The FitBit Made Me Do It (and other things I learned this week)

I love analogies. I feel like they let you learn something sideways, when something is too hard to take face on, relating it to something you know and understand is like opening the side door in your mind, or walking on the diagonal up a steep hill. (Boom, analogy, can’t stop/won’t stop). I live my life thinking, “What is this like? How do I understand this?”

So recently, when my sister (Hi Jen!) gave me a FitBit, she unwittingly gave me an analogy machine. The FitBit is a magical little bracelet contraption that keeps track of the steps you take, the stairs you climb, the minutes you are active, and the calories you have burned using some kind of sci-fi technology I don’t understand. In the three weeks that I have worn this doodad, not only have I changed habits and become more fit, but I have begun to understand what some axioms in my teaching world really mean.

Axiom 1: Anecdotes are not data, and data can be eye opening

Before Fitbit (Heretofore known as BFB) I would have told you this: I am really active. I walk all day at my job, and even on the weekends I try to get out and about. I would have said, “I probably walk like 20,000 steps just at work.”

After Futbit (AFB) well, Fitbit broke my heart. Yes, I am active and I do move… some days. But those Saturdays when I got my exercise when “cleaning” that was like 700 steps for the entire day. (10,000 steps a day is considered the number to keep healthy) And yes, my classroom is on the third floor, and there are steps, but that didn’t mean I actually used the steps as much as I thought I did. Data from fitbit showed me how often I was filling in the gaps in my favor, believing myself to do more than I actually did.

And this helped me understand in the classroom…

How important it is to look to data. Now, I know, people have gotten crazy about data, but there is the difference between what I think I know about my kids as readers and what I know about them as readers from data gathered from running records. I may want to believe, for various reasons, that a child is a lot closer to reading level D than the information I actually collect on running records demonstrates. Data can be eye-opening, but better have open eyes and have your teaching be grounded in the truth of where your students are, for better or for worse.

Axiom 2: Having a goal makes work have purpose

Fitbit has preset goals based on your height and weight and the general standard of fitness. Ten thousand steps is an arguable measure of fitness, but lets roll with that one goal. Here is what I noticed: on a typical day in school, I walked about 6,000 steps. Add the commute to and from work, and I was up to about 8,000. With only 2,ooo steps to go I was ENERGIZED. I would offer to take the dog out on walks (my most hated job), I took the longer way home. I walked to the further coffee shop. When I was close, I worked to get closer and closer until I got it, but when I was far… When I was far from the goal, like a lazy Saturday when I read all day, the Fitbit registered 300 steps. Rather than get up and take the dog out, go for a run, get out and do anything, I took off the fitbit and stuck it in my jewelry box and pretended like it didn’t exist, so I could lie to myself that the walking around the kitchen to make dinner was about 10,000 steps (see axiom 1). Goals motivate you when you have a shot to reach them.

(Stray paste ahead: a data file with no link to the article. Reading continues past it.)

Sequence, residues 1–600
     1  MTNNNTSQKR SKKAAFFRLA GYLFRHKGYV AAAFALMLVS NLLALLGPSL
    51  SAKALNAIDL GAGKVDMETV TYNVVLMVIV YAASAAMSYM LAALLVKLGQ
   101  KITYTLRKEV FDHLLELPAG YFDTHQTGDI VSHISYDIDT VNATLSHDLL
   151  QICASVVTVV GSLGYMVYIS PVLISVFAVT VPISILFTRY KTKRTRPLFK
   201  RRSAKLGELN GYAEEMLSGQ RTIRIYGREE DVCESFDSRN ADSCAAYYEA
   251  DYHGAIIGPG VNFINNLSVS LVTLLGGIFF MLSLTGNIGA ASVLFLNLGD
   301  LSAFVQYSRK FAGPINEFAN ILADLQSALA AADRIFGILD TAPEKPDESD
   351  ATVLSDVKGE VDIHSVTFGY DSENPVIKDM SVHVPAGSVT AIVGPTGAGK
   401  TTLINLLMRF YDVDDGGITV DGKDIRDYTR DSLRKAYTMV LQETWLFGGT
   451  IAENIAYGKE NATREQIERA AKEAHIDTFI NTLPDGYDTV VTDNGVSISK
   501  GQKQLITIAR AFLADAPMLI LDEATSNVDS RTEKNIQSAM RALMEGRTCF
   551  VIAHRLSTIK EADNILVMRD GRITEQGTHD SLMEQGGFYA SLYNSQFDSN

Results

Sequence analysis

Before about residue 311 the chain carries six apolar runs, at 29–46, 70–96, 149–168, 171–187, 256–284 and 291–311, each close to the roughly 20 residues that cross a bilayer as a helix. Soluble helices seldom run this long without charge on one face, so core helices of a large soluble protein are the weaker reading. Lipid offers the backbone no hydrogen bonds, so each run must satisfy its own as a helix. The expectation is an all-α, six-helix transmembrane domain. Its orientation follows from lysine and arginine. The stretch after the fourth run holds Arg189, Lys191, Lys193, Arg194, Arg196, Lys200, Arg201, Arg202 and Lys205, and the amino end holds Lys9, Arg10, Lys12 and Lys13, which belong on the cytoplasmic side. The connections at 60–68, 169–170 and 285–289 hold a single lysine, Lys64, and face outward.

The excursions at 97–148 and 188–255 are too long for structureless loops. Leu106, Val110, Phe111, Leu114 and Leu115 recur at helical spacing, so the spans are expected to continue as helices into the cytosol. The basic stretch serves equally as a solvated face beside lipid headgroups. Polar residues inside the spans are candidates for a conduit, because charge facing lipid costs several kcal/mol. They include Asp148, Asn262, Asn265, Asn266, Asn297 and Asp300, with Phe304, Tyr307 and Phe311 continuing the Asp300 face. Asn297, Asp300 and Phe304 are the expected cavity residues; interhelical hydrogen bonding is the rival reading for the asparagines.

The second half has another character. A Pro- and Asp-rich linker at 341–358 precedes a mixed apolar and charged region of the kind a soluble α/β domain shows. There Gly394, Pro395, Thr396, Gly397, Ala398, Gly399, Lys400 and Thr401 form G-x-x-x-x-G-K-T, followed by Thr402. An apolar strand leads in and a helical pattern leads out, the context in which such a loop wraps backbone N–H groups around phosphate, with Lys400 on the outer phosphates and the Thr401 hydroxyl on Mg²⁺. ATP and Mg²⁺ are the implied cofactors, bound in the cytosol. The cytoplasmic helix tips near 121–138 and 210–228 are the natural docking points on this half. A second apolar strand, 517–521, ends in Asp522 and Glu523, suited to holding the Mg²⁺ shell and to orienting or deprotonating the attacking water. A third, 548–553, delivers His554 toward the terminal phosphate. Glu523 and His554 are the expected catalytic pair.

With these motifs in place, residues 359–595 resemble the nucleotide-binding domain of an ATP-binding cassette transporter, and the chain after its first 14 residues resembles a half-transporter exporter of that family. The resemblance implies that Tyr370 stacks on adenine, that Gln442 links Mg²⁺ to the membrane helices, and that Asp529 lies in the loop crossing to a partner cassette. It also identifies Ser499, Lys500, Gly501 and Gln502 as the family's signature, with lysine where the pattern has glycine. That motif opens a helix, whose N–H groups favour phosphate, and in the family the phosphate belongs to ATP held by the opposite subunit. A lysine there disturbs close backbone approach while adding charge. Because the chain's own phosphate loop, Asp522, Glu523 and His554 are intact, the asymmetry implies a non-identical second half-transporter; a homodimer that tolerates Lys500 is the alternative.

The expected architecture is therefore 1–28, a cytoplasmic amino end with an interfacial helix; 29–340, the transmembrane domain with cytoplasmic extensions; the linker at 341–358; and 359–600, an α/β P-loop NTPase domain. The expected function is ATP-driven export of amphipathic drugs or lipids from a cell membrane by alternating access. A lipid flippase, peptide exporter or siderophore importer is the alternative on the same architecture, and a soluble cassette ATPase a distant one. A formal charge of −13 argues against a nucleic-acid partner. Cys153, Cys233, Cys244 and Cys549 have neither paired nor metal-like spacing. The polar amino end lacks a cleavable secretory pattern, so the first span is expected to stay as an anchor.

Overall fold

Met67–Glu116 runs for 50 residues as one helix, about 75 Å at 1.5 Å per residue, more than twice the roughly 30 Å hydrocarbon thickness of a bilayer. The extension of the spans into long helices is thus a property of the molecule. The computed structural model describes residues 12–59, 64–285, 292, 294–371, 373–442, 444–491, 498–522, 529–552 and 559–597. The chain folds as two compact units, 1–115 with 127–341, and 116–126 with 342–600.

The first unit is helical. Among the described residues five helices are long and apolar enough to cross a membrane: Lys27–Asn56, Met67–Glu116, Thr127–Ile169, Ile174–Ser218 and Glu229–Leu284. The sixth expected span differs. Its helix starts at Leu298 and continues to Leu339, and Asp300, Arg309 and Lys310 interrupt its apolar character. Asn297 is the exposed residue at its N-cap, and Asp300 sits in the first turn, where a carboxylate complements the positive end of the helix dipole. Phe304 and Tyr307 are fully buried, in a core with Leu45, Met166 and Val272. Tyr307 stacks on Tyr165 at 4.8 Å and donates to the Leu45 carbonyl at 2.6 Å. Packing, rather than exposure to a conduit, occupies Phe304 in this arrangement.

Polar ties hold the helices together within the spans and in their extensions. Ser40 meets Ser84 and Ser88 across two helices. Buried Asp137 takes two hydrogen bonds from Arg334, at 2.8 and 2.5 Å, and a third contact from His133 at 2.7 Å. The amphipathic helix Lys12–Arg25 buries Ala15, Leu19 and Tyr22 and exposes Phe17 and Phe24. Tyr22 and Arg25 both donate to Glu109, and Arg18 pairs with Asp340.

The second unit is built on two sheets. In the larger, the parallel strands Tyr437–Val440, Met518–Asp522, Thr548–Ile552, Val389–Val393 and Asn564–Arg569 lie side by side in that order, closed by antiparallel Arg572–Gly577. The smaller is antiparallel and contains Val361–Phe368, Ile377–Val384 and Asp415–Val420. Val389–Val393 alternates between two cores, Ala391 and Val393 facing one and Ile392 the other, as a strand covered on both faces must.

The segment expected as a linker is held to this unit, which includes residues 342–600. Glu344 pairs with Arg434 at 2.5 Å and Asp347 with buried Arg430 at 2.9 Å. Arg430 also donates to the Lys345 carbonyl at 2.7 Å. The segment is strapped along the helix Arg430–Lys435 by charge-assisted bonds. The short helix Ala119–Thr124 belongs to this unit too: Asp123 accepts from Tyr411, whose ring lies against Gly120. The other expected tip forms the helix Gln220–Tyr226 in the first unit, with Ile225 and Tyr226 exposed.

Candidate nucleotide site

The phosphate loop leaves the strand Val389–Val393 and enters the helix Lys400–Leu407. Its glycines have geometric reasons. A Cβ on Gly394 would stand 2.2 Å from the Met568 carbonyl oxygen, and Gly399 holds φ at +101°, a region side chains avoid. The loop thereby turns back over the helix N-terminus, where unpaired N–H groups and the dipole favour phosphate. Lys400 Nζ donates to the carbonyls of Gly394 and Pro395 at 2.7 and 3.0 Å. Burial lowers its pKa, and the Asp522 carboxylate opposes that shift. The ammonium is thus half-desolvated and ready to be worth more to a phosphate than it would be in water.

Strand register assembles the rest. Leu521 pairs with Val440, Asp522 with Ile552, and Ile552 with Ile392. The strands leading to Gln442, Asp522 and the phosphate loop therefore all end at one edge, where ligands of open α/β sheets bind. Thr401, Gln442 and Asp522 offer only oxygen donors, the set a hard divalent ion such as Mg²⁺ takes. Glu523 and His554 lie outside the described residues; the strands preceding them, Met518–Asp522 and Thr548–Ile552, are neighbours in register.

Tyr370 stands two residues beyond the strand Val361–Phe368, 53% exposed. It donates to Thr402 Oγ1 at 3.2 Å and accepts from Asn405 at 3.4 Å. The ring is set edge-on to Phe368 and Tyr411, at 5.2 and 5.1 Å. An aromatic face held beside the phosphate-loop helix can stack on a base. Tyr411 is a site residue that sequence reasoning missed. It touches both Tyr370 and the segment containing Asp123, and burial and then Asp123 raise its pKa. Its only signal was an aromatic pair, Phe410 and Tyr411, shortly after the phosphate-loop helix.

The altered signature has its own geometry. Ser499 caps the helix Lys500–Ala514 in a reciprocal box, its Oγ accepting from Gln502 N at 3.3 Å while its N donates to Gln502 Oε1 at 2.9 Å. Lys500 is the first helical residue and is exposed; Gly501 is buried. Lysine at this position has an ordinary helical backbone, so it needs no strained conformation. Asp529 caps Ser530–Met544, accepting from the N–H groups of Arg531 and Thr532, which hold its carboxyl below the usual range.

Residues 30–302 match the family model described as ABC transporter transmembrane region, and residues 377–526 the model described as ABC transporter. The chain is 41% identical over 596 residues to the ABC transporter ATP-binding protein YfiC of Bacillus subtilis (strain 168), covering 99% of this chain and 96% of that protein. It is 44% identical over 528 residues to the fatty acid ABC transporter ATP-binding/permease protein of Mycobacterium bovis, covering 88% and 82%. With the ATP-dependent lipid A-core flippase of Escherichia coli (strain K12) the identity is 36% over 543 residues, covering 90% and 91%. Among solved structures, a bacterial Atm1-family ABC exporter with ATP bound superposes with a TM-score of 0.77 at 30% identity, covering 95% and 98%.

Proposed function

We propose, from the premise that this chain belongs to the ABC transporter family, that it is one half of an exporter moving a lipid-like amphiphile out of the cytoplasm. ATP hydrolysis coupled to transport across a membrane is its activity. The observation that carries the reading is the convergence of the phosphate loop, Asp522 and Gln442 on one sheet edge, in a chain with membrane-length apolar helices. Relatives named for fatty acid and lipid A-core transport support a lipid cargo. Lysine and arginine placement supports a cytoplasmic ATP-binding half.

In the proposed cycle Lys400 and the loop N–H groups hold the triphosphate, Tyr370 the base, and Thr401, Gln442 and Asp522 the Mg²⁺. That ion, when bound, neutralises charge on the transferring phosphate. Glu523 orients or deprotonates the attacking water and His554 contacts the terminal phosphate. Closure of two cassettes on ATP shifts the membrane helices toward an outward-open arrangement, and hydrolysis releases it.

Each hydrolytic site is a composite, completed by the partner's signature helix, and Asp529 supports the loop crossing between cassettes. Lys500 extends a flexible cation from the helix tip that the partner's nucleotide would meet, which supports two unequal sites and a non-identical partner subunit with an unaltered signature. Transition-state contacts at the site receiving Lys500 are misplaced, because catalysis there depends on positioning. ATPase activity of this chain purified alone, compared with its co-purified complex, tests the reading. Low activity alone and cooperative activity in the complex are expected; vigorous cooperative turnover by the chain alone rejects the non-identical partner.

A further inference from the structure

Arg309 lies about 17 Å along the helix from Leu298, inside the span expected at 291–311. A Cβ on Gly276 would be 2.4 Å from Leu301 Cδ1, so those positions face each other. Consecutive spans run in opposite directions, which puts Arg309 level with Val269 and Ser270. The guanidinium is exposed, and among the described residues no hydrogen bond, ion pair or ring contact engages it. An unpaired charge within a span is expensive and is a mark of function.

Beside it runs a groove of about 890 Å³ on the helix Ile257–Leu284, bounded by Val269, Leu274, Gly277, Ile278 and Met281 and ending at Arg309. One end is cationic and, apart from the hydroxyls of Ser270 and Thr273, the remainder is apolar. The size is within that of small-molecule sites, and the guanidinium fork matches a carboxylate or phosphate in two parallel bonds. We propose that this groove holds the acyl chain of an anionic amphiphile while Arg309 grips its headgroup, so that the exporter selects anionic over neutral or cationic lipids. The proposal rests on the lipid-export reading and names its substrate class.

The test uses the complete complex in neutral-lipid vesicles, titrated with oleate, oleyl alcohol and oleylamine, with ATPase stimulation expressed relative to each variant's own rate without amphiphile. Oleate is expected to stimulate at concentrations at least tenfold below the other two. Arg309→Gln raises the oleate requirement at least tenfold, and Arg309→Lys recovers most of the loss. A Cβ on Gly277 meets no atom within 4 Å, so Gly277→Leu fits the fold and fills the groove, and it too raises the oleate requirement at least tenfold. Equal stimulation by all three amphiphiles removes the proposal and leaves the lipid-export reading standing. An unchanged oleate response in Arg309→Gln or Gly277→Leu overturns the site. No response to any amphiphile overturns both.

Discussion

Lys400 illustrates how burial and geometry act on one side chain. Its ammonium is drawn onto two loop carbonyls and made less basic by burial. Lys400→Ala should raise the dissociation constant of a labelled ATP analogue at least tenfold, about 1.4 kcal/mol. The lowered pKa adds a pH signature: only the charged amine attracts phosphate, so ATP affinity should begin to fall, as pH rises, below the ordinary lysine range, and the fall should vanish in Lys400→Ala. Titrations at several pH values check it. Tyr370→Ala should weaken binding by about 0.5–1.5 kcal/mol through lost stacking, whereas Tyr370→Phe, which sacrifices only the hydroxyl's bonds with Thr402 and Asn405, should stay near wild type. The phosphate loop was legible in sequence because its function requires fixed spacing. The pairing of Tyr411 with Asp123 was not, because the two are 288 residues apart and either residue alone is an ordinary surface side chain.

And this helped me understand in the classroom…

That maybe some kids don’t seem to put effort towards goals because the goals seem unattainable, what is the point of proving you failed? Selecting a goal that a child is within striking distance of, the thing they do sometimes but not consistently, is the best goal I can choose sometimes. Don’t look for the biggest deficit, look for the closest success. The belief you can reach your goal is as critical as the goal.

Axiom 3: Little celebrations yield big results

The fitbit vibrates and puts on a little light show when you reach 10,000 steps. It pains me to admit how much joy this brings me. When it buzzes as I am walking I ALWAYS stop and watch the 5 second light show. I earned that light show, and it makes me feel good. It doesn’t pay me a thousand dollars (Attn: Fitbit, if you are reading, I would also take 1,000 dollars) it is small and it is fast and it is all I need.

And this helped me understand in the classroom…

That a small daily celebration feels good. It doesn’t have to involve donut holes, parents, and elaborately designed themes, but a daily “hey, you did it!” (when you really did it, the fitbit doesn’t give me a light show on lazy days) makes you want to do it again and again. Take a minute from the lost minutes of the day (waiting for everyone to finally make it to the rug) and make it about a celebration. Tell about the child who met the goal, or have each child tell a neighbor the one thing they tried today that showed their brain grew.

Axiom 4: Proximity is powerful

The fitbit is on my wrist. I see it all the time. I press a little button on it and it tells me everything about my day: steps, stairs, active minutes, and calories. I press it at lunch, and when deciding how to walk home from the subway. It does not require internet or getting to a computer. It is is easy to check: how am I doing? How much more do I need to do?